By Charlotte Helston
Many countries are now utilizing hydropower, including both developed and developing nations. For the developed world, it offers the opportunity to shift to renewable resources. For developing nations, and for those areas still without electricity, it presents the chance to skip over the non-renewable phase, and opt instead for a first electricity source that has the potential to be clean and inexpensive. Of course, it is only viable for countries that feature the required climate and geography to house hydro power. Where it exists today, hydroelectricity represents a renewable energy that, once developed, produces no direct waste and emits very small amounts of greenhouse gases. But, like any energy source, it has its ugly side. Lesser known, or lesser noticed alongside hydropower's many advantages, are the environmental and social impacts also associated with it. The consequences of damming are far-reaching; conversion of surrounding valleys to lakes displaces communities of both humans and animals, and slowed flow-rates can cause severe losses in biodiversity and increases in sedimentation permanently changing that area.
Canada has a century long history with hydropower, and is currently the world's third largest producer. After the industry's initial thrust in the mid to late 20th Century, development stalled in Canada, and North America in general. A combination of expense and a wave of hesitancy due to unaddressed environmental concerns seem to be the main drivers barring expansion. Though Canada is said to have untapped potential double its existing capacity, the environmentally conscious route would be to upgrade old facilities to minimize wilderness disturbance.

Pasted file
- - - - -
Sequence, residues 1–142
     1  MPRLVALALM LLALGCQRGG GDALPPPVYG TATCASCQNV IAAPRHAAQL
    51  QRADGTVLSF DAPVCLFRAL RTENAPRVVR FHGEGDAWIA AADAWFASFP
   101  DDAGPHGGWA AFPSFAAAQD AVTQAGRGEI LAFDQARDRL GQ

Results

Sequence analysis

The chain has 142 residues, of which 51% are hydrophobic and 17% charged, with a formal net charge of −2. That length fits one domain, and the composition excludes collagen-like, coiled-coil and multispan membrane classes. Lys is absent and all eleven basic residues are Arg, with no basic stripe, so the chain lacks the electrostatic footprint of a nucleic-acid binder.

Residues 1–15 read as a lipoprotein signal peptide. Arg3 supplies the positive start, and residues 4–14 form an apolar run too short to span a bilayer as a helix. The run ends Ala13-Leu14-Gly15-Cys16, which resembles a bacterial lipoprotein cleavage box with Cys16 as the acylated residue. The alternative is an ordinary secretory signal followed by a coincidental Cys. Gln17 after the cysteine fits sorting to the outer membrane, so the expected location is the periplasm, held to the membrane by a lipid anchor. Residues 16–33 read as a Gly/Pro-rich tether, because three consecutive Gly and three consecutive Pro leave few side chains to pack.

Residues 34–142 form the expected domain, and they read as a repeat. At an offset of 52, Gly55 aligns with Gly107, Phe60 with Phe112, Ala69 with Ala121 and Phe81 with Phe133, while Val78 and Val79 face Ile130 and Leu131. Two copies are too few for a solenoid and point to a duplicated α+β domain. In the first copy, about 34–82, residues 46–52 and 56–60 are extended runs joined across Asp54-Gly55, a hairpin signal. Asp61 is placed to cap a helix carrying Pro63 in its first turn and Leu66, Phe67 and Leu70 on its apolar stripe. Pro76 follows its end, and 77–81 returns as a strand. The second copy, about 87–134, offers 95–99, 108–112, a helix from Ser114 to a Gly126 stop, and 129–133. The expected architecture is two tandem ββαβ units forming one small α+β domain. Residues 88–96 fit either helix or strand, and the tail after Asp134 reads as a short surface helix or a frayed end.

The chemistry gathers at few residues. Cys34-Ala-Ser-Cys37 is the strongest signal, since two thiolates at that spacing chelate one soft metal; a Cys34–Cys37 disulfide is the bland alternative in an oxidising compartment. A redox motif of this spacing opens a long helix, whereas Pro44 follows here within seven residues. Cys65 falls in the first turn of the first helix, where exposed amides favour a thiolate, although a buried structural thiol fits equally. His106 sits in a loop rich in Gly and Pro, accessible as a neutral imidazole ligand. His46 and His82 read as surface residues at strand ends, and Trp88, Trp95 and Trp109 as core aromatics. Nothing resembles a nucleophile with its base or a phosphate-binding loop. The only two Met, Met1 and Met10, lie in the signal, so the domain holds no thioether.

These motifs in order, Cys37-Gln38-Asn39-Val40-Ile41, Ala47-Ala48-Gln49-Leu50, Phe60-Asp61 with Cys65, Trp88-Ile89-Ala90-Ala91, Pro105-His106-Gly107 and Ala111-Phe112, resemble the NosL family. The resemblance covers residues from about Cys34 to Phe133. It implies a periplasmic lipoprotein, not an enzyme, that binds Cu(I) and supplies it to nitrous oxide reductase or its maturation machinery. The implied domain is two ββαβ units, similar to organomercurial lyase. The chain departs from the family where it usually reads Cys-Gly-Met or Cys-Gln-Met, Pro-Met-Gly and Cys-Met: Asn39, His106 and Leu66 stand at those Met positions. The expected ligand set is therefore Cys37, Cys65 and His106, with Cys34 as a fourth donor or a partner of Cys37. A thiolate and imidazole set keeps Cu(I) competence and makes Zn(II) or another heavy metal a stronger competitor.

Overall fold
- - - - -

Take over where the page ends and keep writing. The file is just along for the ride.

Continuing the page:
Refurbishment plans are popping up across the country, with or without government assistance. In some cases, as with BC Hydro, consumers are paying for the upgrades in increased electricity rates. Currently, 60% of electricity produced in Canada is drawn from hydro. Only a portion of that hydroelectricity is used in Canada; the rest is exported for profit.
There are three different types of river-based hydroelectric facilities; storage, run-of-river and pumped hydro.
Hydroelectric power stations capitalize on the kinetic energy of falling water to produce electricity. Kinetic energy exists in any body of water that flows, by force of gravity, on a downhill slope. The amount of energy that can be generated is related directly to the amount of height change that exists. Though the planet has many naturally occurring hydro power hotspots — like rivers and waterfalls — most power plants manipulate the force of the water with dams. Man-made dams retain massive amounts of water in reservoirs, and form drastic drop-offs that enhance the kinetic energy of falling water. The contained water is used to store energy in the form of